Former Green Bay Packers defensive tackle Santana Dotson met George Floyd only once, but it was an interaction he never forgot and forged a bond that would never be broken.
For the two would always be Yates High School football alums.
Dotson, a 1987 Yates graduate, was the reigning 1992 NFL Defensive Rookie of the Year when he returned home to Houston after his first season with the Tampa Bay Buccaneers and was asked to speak to the current Yates team, which had suffered a heartbreaking playoff loss.
That was Floyd’s team.
“George’s team went to the state championship and they lost, so when I came back after my rookie season, I spoke to the team and we were introduced,” Dotson recalled in a phone interview from his home in Houston. “We were looking eye to eye and there weren’t many kids in the room as tall as me.”
At first, Dotson didn’t make the connection between what happened in Minneapolis last week — when Floyd, who is black, was killed by a white police officer, Derek Chauvin — as the man he knew from his high school. A memorial was held for Floyd on Thursday in downtown Minneapolis.
“I did not realize right away, and then one of my high school coaches reached out to me to let me know that’s who in fact it was,” Dotson said. “Coming up in our community, everyone has a nickname. His nickname from his family and from the football team was ‘Big Freak’ — as in Super Freak because he was a basketball player and football player. When I went back and talked to the team, we were eye to eye. He had to be 6-5 or 6-6 then, so thus the nickname.”
It was their only face-to-face meeting.
“But he’s a hometown guy,” Dotson said. “And he’s part of the brotherhood that is and was Yates football.”
Dotson, who played 10 NFL seasons and was part of the Green Bay Packers Super Bowl teams in 1996 and 1997, has lived in Houston since he retired.
“The thing to me is there’s no difference in Santana Dotson and George Floyd,” Dotson said. “It was just the opportunities that were put in front of us and being able to take advantage of it.
“In addition to that, the only difference I honestly feel is that being on video for nine minutes. We’ve talked about this happening in our communities since I was 7 or 8 years old. That’s the heartbreak when I look at my kids, who are preparing to have kids, and I feel like I have let them down.”
Dotson described Yates as a “community school,” one made up of mostly black students.
The school’s website says it was named for “Rev. Jack Yates, a former slave who eventually became one of the most influential leaders of Fourth Ward Houston in the 19th century. Reverend Yates founded both Bethel and Antioch Baptist Churches, around which the Fourth Ward grew, and sponsored many other churches and schools in hopes of developing youth as leaders.”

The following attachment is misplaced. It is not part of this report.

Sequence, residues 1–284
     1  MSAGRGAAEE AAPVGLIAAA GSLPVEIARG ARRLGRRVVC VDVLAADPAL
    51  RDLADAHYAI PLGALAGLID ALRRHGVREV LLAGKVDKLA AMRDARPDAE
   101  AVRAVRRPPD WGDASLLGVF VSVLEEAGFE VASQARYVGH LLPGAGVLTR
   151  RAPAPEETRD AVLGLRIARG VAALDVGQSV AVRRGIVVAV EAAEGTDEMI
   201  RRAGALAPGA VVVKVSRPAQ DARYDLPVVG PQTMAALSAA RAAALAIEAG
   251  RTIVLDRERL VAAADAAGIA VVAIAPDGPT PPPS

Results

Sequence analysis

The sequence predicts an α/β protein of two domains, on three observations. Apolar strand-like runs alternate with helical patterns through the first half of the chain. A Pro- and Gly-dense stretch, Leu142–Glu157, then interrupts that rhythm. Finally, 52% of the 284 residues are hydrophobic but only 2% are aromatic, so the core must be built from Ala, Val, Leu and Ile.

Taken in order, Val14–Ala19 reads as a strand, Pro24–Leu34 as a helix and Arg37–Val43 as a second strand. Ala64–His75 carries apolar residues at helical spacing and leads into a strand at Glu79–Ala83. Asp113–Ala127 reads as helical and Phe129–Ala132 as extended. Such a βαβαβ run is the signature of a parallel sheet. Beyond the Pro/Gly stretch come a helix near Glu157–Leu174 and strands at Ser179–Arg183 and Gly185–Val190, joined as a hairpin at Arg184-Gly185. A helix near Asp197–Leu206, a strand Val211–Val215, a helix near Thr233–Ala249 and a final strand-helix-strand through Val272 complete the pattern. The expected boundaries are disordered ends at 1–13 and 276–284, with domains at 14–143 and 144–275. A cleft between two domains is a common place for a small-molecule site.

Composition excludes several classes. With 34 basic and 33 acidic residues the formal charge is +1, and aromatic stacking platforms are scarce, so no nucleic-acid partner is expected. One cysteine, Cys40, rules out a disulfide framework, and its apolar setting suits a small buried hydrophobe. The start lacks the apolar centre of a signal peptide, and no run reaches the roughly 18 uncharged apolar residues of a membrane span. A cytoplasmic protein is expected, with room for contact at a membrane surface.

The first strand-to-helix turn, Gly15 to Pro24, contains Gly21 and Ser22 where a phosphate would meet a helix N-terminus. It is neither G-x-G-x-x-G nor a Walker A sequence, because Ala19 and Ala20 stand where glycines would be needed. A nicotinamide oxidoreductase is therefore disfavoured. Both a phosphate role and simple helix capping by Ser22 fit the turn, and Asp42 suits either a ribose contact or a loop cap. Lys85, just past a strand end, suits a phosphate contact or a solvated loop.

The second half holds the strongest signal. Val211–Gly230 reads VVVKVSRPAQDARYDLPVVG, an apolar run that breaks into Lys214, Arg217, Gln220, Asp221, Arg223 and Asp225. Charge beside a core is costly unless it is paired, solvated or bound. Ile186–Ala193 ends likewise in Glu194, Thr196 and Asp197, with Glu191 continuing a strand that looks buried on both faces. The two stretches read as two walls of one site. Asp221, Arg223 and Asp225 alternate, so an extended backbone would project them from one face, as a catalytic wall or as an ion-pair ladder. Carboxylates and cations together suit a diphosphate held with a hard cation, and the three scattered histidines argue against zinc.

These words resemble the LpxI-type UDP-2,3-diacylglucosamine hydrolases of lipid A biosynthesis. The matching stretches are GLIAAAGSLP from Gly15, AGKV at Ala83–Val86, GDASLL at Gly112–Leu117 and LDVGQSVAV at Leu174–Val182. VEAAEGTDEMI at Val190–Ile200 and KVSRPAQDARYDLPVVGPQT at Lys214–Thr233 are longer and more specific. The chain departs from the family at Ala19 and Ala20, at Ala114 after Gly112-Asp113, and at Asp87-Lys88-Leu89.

“It’s a school full of pride, full of tradition,” Dotson said. “My grandmother, who is 101 years old and still living, she was in the first graduating class at Jack Yates. My dad, my aunts, they all went through Yates High School. When I say it is a community school, it really is.”
Dotson has taken part in vigils, along with several of his former Yates teammates, in the days since Floyd’s death.
“It’s tremendous pain,” he said. “These things honestly have been there, but when it hits so close to home, it’s tremendous pain. I’m 50 years old now and I’d have to say the sadness is that we’re still here, meaning that it seems like we’re still stuck in the mud from a humanity aspect and an equality aspect because the things the African American community are asking for is just equality — equal justice, equal rights, equal education. Those are the same things MLK was talking about in ’59 and ’60 and here we are 50, 60 years later, and we’re still talking about the same thing.”
Dotson was aware of the video message the current Packers players and coach Matt LaFleur released on Thursday and wants to encourage even more dialogue about racial divide. The Packers and team president Mark Murphy are making separate pledges of $250,000 to Wisconsin causes that support social justice and racial equality.
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“There has to be an acknowledgement,” Dotson said. “Everybody says the system is broke, but I would dare to say the system is working exactly how some want it to work. So there has to be an acknowledge of that, and we have to say we have to go in and correct these things because the marginalized communities are paying for it, and we’ve got to find a way to get better.
“I would dare to say to the white community: ‘Listen to the pain. If you know somebody black, have the courage to reach out to them and just listen. Now is the time to listen. Listen to the heartbreak, listen to the sadness, listen to the madness. The act of even reaching out would be extraordinary to the black community. Not lecture. Everybody wants to talk about the looting and the riots, and let’s talk about the cause and effect.'”
Dotson said the school is planning a vigil for Monday, when Floyd’s body is returned to Houston.
“I feel like it’s my duty to let people know that he was a living human, and he really, truly cared,” Dotson said. “He was a sincere character who would give you anything.”